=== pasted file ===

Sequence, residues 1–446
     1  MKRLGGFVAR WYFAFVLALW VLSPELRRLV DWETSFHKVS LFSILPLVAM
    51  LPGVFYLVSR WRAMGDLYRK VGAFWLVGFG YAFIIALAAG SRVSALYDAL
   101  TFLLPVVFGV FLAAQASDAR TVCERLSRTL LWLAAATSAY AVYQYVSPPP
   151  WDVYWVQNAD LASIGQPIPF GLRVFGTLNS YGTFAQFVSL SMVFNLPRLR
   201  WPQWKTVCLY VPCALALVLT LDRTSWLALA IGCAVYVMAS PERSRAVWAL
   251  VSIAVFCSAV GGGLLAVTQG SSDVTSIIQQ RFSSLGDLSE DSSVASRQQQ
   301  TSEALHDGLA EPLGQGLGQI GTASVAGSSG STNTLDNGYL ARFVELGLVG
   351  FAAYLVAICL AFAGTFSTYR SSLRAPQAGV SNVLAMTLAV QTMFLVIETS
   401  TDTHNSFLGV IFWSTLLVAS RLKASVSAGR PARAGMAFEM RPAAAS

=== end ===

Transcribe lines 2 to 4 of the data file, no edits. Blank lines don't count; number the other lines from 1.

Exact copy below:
     1  MKRLGGFVAR WYFAFVLALW VLSPELRRLV DWETSFHKVS LFSILPLVAM
    51  LPGVFYLVSR WRAMGDLYRK VGAFWLVGFG YAFIIALAAG SRVSALYDAL
   101  TFLLPVVFGV FLAAQASDAR TVCERLSRTL LWLAAATSAY AVYQYVSPPP